BOOK-ku: Boost Summary Skills with Haiku

Do you want your students to read deeply and be accountable for what they’re read? 

Are you tired of lengthy book reports? 

Or book talks that drag on endlessly? 

When it comes to summarizing texts, students often have a hard time being brief. But the ability to summarize is an anchor reading skill for both fiction and nonfiction. No matter which ELA standards you look at, they all require students to identify central topics, ideas, or themes and retell key details. 

Enter Haiku

Haiku forces writers to be succinct. To choose only the best words in the best order. Rita Dove describes poetry as “language distilled.” Haiku is language ultra-concentrated. Haiku’s brevity is exactly what makes it a great tool for honing students’ summary skills.

In lieu of book reports or talks, have students write a BOOK-ku, or a haiku book summary. This activity works with a variety of age groups and types of reading: fairy tales, short stories, novels, a chapter in a novel, or even section in a nonfiction textbook. After reading a designated text, ask students to write a BOOK-ku that expresses the main idea or theme.  (For a highly structured introductory lesson and click here.)(For a more advanced lesson click here.)

Haiku Review:

This traditional Japanese poetry form is deceptively simple: three lines of five, seven, and five syllables. Just seventeen beats in all. But anyone who has tried to capture the essence of moment with such tight parameters knows how challenging haiku can be. I wrote a haiku to express this challenge:

How Haiku Helps:

Wrestling with words is exactly what leads to deeper thinking. Instead of retelling every plot point or fact, writing BOOK-ku requires students to prioritize and distill. What are the most important ideas? What are the best words to express those ideas?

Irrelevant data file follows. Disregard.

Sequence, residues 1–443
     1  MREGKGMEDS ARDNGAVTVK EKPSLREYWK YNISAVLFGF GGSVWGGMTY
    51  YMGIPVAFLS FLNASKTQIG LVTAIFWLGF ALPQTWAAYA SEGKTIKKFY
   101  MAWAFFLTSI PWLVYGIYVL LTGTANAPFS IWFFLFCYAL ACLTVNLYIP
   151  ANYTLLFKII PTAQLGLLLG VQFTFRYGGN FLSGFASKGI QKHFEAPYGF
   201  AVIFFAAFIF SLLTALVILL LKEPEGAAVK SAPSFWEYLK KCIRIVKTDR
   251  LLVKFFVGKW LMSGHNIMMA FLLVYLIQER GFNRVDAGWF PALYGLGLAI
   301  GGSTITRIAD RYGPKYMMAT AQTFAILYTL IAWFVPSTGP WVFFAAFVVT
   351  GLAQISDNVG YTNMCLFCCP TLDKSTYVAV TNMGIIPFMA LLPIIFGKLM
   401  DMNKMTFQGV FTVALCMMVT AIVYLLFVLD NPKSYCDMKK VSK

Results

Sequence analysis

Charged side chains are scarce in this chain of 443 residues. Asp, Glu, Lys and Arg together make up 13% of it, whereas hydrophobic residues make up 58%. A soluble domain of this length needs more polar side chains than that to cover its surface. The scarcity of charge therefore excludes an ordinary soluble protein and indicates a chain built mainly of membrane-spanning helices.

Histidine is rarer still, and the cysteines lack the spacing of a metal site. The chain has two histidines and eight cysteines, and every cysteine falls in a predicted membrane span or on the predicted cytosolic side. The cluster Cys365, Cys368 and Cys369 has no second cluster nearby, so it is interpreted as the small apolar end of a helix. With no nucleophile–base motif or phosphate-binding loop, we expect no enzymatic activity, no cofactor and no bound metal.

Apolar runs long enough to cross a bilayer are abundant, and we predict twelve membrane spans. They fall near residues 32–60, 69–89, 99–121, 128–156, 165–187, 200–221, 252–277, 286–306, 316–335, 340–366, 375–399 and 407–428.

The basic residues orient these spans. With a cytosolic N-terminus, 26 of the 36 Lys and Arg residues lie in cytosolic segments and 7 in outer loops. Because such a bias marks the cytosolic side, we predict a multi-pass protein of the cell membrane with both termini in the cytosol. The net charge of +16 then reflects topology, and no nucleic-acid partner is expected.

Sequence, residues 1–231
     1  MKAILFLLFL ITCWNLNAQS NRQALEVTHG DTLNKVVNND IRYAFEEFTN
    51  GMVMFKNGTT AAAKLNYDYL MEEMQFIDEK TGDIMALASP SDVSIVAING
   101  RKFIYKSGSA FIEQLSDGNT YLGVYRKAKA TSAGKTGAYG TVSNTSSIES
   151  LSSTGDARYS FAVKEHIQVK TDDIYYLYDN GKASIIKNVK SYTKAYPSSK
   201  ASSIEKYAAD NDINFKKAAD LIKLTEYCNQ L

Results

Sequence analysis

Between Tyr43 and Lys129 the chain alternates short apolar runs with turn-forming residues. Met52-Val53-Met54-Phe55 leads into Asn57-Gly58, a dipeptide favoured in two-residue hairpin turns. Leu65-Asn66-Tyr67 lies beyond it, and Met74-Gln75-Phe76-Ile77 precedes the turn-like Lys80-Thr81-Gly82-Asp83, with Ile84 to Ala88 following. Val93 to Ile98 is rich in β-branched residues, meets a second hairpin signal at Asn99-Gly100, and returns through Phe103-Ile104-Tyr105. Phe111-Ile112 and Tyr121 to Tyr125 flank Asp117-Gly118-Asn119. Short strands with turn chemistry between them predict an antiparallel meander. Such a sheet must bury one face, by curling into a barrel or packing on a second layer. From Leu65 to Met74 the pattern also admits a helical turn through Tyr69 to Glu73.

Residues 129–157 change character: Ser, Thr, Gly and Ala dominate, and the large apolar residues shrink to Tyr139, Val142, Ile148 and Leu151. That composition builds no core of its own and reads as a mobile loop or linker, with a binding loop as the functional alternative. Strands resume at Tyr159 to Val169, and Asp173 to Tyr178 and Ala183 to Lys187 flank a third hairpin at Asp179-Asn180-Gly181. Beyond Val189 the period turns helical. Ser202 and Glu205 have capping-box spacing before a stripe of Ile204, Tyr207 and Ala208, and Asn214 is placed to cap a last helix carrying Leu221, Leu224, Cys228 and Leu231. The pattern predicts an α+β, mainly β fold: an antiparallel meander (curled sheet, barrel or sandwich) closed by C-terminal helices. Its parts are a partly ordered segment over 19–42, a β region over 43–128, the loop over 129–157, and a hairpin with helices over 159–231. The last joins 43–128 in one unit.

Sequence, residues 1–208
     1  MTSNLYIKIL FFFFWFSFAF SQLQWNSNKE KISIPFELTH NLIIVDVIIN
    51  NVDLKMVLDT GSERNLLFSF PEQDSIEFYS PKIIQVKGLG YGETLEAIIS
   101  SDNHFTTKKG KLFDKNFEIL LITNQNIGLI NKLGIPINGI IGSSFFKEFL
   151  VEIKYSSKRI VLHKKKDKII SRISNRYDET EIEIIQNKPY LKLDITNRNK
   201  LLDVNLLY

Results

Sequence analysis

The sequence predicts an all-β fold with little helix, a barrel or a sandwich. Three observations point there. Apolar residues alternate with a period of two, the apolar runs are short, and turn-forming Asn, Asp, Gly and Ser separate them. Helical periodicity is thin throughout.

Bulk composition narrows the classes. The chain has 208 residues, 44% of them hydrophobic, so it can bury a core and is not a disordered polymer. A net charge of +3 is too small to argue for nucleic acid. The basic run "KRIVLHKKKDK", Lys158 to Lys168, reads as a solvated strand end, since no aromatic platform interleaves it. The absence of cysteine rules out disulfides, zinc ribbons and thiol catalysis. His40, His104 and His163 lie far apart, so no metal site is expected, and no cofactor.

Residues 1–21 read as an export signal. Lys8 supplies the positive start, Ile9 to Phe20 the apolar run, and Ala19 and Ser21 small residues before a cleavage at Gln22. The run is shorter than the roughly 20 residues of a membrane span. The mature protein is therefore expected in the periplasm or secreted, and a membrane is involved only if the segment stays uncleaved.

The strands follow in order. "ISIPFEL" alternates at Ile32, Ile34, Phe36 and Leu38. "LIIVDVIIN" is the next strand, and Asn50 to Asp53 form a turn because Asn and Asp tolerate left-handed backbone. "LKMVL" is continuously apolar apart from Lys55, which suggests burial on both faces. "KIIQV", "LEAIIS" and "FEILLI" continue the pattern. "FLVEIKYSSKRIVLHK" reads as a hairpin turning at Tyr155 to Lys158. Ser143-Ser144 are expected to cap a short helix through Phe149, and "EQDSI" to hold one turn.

Here's an example of a BOOK-ku I wrote to summarize the main idea of Harry Potter and the Sorcerer's Stone:
And here's one that a student wrote for Newbery-winning Wolf Hollow. (An excellent book about compassion and accepting differences, by the way.)

More Haiku Ideas:

Consider displaying students’ haiku along with accompanying book covers in a “BOOK-ku” display. This will give others a sneak-peek at books they might want to read.

BOOK-ku: a way to cultivate a culture of readers and writers in your classroom in a mere seventeen syllables.

About Michelle Schaub

Michelle Schaub is a language arts teacher and award-winning children's poet. She is the author of the picture book poetry collections Fresh-Picked Poetry: A Day at the Farmers’ Market, (which won the 2018 Growing Good Kids Award and 2019 Northern Lights Book Award,) and Finding Treasure: A Collection of Collections. She also wrote the bedtime STEM book in verse, Dream Big, Little Scientists. Her poems appear in several anthologies, including The Poetry Anthology for Celebrations and Great Morning! Poems for School Leaders to Read Aloud.  Michelle speaks at conferences on the power of poetry to boost literacy.